Remembering Lenny LaPaglia
Sad news broke over the weekend as entertaining Melrose Park, Ill., club fighter Lenny LaPaglia passed away Saturday in his home in Illinois at the age of 53 from a heart attack.
Though LaPaglia didn’t possess championship credentials, he certainly had championship caliber heart. LaPaglia compiled a record of 36-9 with 33 KOs, retiring after a 1995 knockout loss to Thomas Hearns in Detroit.
LaPaglia participated in a great number of wars in the ring, none more memorable than his July 14, 1988 clash with St. Louis light heavyweight Art Jimmerson at the Felt Forum (now the Theater at Madison Square Garden) in New York City. The fight will have taken place 25 years ago next week.
Jimmerson, now living in Los Angeles, remembers the fight fondly when reached by RingTV.com on Monday afternoon.
“I remember having a seven-fight win streak at the time I was offered the fight,” recalled Jimmerson.
“I had only gone 10 rounds for the first time in my last fight. Without having the proper management, I saw myself getting pushed a lot in these type of situations where I took a fight on short notice because I needed the money.
“There was no YouTube or Google back then, so I had to go on word-of-mouth and research boxing articles on who Lenny LaPaglia was. ‘Wow, this dude was a killer!’ I thought, once I heard about his career. The only positive going for me was I had beaten a guy, Danny Blake, who had knocked Lenny out in the past.”
Though the fight itself was action-packed, Jimmerson had an interesting and funny story to share about running into LaPaglia before the fight.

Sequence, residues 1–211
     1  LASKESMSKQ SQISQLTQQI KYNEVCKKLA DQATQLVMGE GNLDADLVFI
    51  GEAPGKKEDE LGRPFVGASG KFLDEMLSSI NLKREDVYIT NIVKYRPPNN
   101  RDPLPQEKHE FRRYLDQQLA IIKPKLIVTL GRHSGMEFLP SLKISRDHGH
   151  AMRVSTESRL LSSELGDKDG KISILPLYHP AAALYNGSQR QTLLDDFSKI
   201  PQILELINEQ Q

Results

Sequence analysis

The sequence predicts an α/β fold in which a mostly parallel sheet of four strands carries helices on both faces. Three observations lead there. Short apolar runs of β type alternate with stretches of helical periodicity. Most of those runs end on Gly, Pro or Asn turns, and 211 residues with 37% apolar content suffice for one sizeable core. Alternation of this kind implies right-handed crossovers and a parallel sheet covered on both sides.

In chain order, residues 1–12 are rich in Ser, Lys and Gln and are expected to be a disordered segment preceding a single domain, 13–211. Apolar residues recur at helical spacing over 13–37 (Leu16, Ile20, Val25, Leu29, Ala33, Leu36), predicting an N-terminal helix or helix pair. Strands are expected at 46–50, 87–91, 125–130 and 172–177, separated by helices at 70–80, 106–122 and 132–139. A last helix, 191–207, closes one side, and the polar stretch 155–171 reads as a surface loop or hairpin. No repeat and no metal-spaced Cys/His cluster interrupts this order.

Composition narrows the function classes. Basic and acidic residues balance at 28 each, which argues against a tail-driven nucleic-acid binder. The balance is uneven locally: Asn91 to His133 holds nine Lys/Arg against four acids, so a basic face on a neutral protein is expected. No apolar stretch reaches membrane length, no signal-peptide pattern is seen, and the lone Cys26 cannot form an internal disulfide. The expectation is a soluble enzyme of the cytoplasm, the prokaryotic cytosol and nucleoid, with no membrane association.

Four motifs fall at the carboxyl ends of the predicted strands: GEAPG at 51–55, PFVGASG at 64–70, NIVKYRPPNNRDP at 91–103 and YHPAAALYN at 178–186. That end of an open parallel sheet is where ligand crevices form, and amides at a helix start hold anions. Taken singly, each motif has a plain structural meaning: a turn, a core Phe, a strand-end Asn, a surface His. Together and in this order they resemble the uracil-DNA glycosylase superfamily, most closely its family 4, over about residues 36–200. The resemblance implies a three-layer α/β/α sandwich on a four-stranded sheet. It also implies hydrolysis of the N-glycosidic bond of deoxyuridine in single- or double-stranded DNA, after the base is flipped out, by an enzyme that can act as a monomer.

“Arriving at JFK in New York for the first time, I thought, ‘Wow, we’re in the big time now!'” said Jimmerson. “Fighting at the Garden was like being on the moon.
“Can you believe that after getting settled and enjoying the sights, we ran into LaPaglia and his rat pack? These guys were all mean! I mean they all looked greasy and dirty, even after taking showers, it was in their blood.
“Once Lenny found out he was fighting me, he said, ‘We don’t need a boxing ring, punk, we can fight right here!’ I was like, ‘Hey man, this dude is crazy!'”
Jimmerson was just 9-2 with five knockouts at the time he met LaPaglia, who was much more experienced at 31-5. LaPaglia had also relocated to New York from Illinois, making him the house favorite heading in.
“At the press conference before the fight, Lenny had dedicated the fight to his trainer or manager, who was locked up. He had just knocked out Zorra Folley’s son, who was a decent boxer. Lenny had some good boxers on his resume that he just destroyed. I didn’t know, but he was knocking out guys in the gym with 16 ounce gloves on. His exact words were, ‘You’ll have to kill me in order for me to lose this fight.'”
Though neither guy was considered to have a high ceiling, the fight itself featured some of the best body punching you’ll ever see.
In the first round, LaPaglia got started quickly with some Micky Ward-esque left hooks to the body. To his credit, Jimmerson landed some solid body shots of his own, and it was a phone booth fight from the start.
This was a poor man’s Jose Luis Castillo-Diego Corrales. Both guys winged heavy hooks with fierce regularity.
With 25 seconds left in the first, LaPaglia dug a really big shot to Jimmerson’s midsection, nearly doubling him over.
“Lenny was a converted southpaw, that is why his left hook was so dangerous,” said Jimmerson. “He almost broke my rib in the first round. Praise the Lord, I was in great shape.”
LaPaglia would hurt Jimmerson again in the second, but Jimmerson’s recuperative powers were top notch and he usually managed to answer back with solid shots of his own.
Jimmerson started getting the better of the exchanges in the third round, as it seemed as though LaPaglia had perhaps punched himself out.